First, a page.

In a continuing effort to get kgdb merged into the mainline 2.6 Linux kernel [story], Amit Kale announced a feature freeze on his core-lite and i386-lite kgdb patches. At this point, he intends to only perform bug-fixes and code cleanup to these patches until they are merged, aiming for 2.6 inclusion by the end of this month. This first merge will only add kgdb support with a minimal featureset to the i386 architecture, allowing remote kernel debugging through a serial connection.
Recently added to the patches was some kgdb documentation, which begins:
"kgdb is a source level debugger for [the] linux kernel. It is used along with gdb to debug a linux kernel. Kernel developers can debug a kernel similar to application programs with use of kgdb. It makes it possible to place breakpoints in kernel code, step through the code and observe variables."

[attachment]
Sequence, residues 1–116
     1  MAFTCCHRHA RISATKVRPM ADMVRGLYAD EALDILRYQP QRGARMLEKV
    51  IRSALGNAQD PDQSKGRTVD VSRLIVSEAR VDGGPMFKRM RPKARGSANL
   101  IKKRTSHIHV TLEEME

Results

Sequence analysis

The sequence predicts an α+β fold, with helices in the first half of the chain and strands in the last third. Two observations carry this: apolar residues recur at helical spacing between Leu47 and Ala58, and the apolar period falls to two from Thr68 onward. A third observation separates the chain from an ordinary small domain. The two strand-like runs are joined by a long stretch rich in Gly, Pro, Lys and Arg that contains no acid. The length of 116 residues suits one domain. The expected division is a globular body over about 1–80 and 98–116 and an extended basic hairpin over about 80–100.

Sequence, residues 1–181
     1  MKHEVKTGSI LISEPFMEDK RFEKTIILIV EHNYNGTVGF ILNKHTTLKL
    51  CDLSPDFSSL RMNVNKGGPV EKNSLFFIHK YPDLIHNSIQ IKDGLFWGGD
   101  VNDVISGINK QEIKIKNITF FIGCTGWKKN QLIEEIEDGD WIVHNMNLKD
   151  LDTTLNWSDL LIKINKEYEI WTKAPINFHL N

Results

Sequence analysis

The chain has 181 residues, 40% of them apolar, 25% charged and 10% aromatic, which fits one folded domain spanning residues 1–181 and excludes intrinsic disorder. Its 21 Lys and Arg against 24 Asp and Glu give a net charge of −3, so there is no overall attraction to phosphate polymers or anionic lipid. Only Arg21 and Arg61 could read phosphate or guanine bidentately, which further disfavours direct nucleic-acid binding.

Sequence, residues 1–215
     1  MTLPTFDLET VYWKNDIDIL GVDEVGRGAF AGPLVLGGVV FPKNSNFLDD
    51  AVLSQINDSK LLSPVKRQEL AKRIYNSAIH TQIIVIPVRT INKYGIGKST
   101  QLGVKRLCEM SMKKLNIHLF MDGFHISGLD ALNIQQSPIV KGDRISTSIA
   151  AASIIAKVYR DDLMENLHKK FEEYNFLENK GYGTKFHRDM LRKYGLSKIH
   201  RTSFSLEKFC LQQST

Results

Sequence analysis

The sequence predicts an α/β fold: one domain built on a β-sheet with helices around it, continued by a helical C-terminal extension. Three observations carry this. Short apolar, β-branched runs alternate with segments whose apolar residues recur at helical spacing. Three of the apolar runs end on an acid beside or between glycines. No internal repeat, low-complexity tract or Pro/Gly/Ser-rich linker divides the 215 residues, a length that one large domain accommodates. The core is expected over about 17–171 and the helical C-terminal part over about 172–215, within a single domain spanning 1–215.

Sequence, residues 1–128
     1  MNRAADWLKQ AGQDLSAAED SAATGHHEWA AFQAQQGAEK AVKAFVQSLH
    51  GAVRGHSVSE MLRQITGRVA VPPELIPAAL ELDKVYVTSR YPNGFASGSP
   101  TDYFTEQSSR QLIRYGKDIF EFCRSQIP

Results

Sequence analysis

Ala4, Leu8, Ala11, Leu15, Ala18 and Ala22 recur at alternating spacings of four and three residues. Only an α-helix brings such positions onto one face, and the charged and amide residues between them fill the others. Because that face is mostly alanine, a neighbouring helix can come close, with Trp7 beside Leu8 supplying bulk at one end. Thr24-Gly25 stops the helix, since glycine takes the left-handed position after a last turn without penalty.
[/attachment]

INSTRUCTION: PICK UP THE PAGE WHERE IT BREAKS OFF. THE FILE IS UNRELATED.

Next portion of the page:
It was recently pointed out that the stock 2.6.2 kernel contains in-kernel support for kgdb for some architectures, but not i386. 2.6 maintainer Andrew Morton replied, "lots of architectures have had in-kernel kgdb support for a long time. Just none of the three which I use :(" As to getting kgdb for i386 into the kernel, he explained some reluctance:
"I wouldn't support inclusion of i386 kgdb until it has had a lot of cleanup, possible de-featuritisification and some thought has been applied to splitting it into arch and generic bits. It's quite a lot of work."
It was quickly pointed out that Amit Kale has done much of this work with his version of kgdb, available here. Andrew replied, "Look, there's a lot of interest in this and I of course am fully supportive. If someone could send me Amit's patchset when they think I should test it, I could then talk about it more usefully." Read on for much of the lkml thread, including specifics reasons why and why not to include kgdb in the stock 2.6 kernel.